The improved user interface is for a mobile device like a cellular telephone subscriber terminal or a palm top computer or any other handy device which has a processor and is light enough to be carried by a user. One example of these devices is mediaphone that is a portable device capable of transmitting and receiving speech, data and video images over wireless connection. The interface includes the following features: (1) a table browser interface based on a table-driven browser that enables a high information content in a small space; (2) an extended virtual display for use by hand, enabling a display of information for the user outside the area of the hand; (3) an unfixed panel based on the user's hands that enable input without making any distinction in handedness; (4) a sign language providing different browsing extensions for use in the interface in order to speed up the input and to make the use more ergonomic; (5) easy pointers for browsing the interface; (6) secrecy of user input; (7) easiness of updating for use in a flammable environment.

The table browser interface is based on a table-driven browser and the interface has a high information content in a small space. Examine this arrangement below with reference to FIGS. 4A and 4B. FIG. 4A shows how an outside observer sees the user 200 using the device, and FIG. 4B shows an image of the hand 300 seen by the user 200. When the four fingers of the hand 300 are together, an image of the fingers can be superimposed by an augmented reality matrix of 4×3 segments, which is adapted to the three parts of each finger. The matrix segments can be, for example, the number buttons and buttons * and # of the phone. The image of the thumb can be superimposed by an augmented reality image of start and end buttons for a call. Since the matrix rows are of different lengths similarly as the fingers, the different columns can be shown with different colours for the sake of clarity.

In the arrangement according to the invention, the user sees a segmented menu over the image of the hand, and he can select from the menu a desired function for example by pointing with a finger of the other hand. The segmentation follows the contours of the hand and is divided into parts similarly as the fingers are divided into parts by the joints. If the user wants to make a call, he can use one finger of his other hand or even the thumb of the same hand to point at the numbers shown over his four fingers. The numbers are visible between the joints in a similar manner as the numbers in a conventional phone can be selected from a 4×3 matrix. A call is started and ended by touching the symbols shown on the thumb. The numbers and the other information are visible on the hand as described above, since the graphics programme of the portable electronic device, which is known per se and therefore obvious to those skilled in the art, searches for the characteristic features of the hand's contours, such as the spaces between the fingers and the fingertips (the alignment marks are shown in the figure), and places the menu over the image of the hand. For example, when a finger of the other hand points at a function in the menu, the video camera detects the pointing finger and the graphics programme activates the desired function in the portable electronic device. The desired function is selected for example similarly as in a conventional telephone, i.e. for instance number 3 is pressed with a finger (the tip of the forefinger is pressed with a finger of the other hand or with the thumb of the same hand). Similarly, if the user wants to browse through messages, he presses the lower part of his palm (messages) with his finger, whereafter a message processing programme is activated in the same manner as in the prior art mobile phones. The portable electronic device identifies the location of the pointing finger on the hand, and the operation of the device can thus be controlled. Additional information relating to the call or some other operation can also be shown outside the field of image of the hand (e.g. the number to be dialled, the duration of the call, etc.).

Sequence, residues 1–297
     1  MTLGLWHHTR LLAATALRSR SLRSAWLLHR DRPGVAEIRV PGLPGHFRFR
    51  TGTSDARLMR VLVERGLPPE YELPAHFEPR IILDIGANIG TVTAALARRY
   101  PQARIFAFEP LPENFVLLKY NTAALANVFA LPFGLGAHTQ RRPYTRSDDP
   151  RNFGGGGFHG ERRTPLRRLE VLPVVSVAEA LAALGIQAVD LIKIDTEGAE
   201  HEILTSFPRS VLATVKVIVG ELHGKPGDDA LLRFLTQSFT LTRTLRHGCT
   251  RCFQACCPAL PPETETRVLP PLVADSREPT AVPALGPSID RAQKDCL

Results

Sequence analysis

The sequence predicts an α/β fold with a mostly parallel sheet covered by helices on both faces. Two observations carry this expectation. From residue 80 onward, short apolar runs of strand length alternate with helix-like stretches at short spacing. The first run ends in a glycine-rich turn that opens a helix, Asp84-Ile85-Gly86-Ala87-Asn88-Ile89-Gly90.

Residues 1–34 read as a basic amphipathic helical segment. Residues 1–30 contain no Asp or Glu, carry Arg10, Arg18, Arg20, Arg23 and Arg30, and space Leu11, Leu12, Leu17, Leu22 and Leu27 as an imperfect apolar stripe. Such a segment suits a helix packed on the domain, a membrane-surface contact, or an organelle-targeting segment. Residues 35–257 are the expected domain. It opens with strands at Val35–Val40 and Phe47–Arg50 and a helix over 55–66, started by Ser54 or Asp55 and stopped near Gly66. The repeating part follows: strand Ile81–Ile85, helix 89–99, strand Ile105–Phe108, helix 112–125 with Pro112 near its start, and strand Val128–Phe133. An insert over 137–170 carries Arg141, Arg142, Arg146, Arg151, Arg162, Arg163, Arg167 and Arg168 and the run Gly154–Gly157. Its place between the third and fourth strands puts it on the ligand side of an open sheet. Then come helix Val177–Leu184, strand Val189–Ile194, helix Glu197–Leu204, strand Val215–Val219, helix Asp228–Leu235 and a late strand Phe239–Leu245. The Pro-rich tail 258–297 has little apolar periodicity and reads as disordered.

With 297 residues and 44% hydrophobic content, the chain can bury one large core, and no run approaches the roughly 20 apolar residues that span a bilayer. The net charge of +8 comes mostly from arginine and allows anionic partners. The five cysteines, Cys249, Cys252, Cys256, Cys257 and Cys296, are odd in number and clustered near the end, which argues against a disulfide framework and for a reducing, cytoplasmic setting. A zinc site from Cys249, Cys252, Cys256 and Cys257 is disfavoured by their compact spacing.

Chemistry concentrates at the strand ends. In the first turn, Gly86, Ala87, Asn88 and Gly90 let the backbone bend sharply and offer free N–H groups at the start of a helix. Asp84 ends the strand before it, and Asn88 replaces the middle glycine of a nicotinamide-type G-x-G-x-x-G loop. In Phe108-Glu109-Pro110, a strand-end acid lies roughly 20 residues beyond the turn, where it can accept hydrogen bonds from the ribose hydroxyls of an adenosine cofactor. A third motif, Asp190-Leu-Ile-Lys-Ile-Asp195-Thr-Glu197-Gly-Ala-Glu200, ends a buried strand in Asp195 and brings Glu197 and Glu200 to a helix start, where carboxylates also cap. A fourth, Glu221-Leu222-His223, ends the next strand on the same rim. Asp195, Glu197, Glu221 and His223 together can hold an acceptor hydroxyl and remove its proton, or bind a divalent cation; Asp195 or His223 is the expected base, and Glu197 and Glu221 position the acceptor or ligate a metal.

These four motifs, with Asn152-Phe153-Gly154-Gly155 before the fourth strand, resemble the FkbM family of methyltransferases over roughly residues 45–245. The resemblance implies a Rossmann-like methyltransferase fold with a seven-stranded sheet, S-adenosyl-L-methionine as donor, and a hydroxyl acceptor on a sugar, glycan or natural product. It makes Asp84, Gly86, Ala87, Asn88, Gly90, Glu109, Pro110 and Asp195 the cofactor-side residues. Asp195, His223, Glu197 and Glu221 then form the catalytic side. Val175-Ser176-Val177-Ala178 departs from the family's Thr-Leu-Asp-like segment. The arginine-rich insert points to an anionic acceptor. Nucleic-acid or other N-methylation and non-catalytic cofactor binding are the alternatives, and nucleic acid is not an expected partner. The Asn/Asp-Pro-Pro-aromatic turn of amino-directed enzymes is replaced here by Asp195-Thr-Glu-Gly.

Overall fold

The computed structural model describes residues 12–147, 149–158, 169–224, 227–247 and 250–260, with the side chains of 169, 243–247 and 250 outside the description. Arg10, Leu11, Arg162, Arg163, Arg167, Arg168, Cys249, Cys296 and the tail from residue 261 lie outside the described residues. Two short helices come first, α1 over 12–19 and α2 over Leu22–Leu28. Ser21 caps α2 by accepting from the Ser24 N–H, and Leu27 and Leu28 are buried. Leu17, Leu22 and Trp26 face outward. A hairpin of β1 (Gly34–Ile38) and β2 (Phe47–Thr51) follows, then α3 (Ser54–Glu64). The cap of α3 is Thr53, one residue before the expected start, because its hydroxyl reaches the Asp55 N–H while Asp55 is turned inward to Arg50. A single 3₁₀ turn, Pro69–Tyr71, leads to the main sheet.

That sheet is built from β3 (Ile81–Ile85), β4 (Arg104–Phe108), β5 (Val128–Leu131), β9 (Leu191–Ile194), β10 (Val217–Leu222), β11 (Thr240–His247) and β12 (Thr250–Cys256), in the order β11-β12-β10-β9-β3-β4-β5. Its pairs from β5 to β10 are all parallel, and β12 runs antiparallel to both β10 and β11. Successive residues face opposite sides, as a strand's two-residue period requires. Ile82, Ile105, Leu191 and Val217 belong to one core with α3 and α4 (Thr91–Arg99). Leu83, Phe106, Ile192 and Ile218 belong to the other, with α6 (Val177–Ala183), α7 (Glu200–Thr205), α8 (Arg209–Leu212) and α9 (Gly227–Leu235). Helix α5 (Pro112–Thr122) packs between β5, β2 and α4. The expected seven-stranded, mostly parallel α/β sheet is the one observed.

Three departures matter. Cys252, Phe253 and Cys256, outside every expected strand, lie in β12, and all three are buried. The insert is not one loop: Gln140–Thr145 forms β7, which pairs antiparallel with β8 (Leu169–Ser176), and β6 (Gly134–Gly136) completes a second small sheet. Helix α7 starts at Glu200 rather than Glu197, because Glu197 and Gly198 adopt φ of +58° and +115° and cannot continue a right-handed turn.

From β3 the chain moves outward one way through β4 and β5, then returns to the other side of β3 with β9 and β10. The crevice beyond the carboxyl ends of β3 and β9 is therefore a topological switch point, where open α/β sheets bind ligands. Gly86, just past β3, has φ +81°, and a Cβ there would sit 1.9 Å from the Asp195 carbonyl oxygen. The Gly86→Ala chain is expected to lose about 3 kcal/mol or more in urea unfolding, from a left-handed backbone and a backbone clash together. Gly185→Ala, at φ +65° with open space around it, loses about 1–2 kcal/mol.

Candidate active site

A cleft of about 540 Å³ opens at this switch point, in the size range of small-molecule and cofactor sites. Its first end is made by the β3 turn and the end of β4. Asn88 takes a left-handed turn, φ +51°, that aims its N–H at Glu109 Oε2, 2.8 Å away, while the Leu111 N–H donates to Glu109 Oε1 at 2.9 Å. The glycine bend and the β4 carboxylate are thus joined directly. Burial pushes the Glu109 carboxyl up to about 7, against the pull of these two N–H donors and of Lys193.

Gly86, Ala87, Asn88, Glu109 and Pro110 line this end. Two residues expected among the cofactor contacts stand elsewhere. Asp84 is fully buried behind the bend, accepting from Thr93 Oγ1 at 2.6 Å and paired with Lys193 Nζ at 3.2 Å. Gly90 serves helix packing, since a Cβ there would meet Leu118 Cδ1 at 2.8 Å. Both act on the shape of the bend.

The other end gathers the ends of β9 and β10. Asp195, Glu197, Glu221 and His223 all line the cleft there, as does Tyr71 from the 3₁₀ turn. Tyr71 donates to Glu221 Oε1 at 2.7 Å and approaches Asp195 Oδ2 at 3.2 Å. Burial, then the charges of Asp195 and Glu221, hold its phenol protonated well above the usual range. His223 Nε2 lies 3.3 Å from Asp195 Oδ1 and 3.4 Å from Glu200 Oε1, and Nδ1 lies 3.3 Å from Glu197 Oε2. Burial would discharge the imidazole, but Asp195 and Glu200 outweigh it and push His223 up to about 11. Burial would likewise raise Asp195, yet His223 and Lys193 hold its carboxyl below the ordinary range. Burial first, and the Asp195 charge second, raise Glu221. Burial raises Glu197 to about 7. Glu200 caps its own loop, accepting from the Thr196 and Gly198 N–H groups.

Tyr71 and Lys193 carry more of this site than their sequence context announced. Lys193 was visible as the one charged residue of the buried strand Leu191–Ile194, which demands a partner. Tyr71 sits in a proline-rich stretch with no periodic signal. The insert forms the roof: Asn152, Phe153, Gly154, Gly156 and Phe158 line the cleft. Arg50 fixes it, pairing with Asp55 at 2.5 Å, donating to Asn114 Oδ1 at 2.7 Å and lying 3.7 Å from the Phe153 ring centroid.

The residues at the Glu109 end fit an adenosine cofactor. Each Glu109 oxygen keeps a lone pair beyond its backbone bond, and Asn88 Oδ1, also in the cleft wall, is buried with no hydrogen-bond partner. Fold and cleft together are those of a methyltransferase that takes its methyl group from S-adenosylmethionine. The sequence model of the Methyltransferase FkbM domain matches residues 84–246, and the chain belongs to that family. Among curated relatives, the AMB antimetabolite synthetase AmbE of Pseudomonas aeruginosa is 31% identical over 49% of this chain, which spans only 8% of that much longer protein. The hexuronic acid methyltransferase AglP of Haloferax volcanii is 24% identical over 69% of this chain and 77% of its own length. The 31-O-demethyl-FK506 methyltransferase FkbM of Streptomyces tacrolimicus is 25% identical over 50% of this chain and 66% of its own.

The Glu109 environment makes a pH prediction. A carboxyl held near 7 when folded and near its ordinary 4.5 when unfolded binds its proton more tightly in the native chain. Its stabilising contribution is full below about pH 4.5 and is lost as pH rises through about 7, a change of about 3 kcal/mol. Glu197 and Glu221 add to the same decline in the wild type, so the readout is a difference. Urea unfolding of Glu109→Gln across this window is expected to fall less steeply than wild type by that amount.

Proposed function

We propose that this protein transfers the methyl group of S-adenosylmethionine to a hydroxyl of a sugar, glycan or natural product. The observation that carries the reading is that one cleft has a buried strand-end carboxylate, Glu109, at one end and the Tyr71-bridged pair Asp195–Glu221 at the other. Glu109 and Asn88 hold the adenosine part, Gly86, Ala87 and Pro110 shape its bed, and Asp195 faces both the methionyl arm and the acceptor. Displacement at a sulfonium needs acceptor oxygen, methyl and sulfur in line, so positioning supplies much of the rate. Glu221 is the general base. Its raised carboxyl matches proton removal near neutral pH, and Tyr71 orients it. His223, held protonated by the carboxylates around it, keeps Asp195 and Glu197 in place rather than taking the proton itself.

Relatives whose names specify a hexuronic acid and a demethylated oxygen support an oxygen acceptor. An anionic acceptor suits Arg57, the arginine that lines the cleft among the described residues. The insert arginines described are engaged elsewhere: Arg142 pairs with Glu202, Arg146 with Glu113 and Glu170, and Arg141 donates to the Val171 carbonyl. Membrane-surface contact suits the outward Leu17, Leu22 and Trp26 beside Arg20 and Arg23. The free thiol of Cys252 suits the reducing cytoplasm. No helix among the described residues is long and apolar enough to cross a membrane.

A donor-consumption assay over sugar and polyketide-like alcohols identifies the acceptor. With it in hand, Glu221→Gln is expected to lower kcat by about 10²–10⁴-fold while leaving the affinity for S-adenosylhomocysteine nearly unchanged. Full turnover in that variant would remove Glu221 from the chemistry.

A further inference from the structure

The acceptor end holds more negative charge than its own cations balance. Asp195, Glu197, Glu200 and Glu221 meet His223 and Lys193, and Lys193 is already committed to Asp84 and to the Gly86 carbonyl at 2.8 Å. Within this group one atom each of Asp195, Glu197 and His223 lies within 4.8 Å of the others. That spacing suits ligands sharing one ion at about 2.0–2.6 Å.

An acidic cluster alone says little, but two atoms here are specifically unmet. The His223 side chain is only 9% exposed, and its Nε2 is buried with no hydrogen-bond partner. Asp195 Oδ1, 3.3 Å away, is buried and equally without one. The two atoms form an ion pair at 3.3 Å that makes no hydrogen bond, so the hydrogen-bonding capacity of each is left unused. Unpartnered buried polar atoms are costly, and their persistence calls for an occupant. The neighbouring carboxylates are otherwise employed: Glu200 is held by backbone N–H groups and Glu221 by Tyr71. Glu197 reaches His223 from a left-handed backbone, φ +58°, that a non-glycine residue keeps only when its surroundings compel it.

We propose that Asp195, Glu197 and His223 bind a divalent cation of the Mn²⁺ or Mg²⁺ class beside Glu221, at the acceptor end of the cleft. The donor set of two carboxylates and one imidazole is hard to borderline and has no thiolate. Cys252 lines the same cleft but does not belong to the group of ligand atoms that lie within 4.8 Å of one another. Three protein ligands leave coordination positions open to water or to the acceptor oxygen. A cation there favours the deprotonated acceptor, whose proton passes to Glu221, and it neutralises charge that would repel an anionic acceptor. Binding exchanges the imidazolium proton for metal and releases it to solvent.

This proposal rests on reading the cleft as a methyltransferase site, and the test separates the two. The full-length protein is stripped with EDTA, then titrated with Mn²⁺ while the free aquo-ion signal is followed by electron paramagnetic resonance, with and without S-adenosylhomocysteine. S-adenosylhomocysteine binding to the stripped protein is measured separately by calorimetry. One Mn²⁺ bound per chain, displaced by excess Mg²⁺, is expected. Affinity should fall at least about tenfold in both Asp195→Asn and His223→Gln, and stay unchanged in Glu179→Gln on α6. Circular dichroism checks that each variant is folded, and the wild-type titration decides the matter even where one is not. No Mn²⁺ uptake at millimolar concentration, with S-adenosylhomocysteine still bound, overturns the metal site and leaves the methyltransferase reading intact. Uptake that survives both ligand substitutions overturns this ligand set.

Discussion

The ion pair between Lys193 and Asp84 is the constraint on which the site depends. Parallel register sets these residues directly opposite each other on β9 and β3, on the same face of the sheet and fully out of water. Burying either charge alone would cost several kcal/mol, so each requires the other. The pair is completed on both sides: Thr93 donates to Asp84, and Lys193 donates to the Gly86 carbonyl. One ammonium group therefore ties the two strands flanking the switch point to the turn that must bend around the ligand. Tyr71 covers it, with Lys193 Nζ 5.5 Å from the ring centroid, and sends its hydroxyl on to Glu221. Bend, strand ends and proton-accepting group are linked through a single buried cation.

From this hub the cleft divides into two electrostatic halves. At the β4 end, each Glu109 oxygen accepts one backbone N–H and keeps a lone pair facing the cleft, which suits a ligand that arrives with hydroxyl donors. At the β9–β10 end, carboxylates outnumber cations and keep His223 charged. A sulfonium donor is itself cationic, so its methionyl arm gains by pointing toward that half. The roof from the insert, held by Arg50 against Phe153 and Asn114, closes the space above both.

FIG. 5 shows an arrangement where an image 400 of the hand is superimposed by an augmented reality image consisting of not only the number buttons 402 of the phone but also of selection option segments 404, which are restricted to the part of the fingers on the palm side and placed on the image of the palm. On the image of the thumb there are arrow keys 406 and 408, which can be used to select a suitable selection option in the up/down direction. In such a case the thumb is in an upright position. Other possible selection options include a person's name list, the general menu of the device, and the messages. The image seen by the user also comprises an extended virtual display 410. A virtual display 410 is linked to the hand so that it can be placed anywhere in space except on the hand. The display location is preferably situated between the thumb and the other fingers. The display will be enabled when the user requests for it or the application (device) needs it (like error, call etc).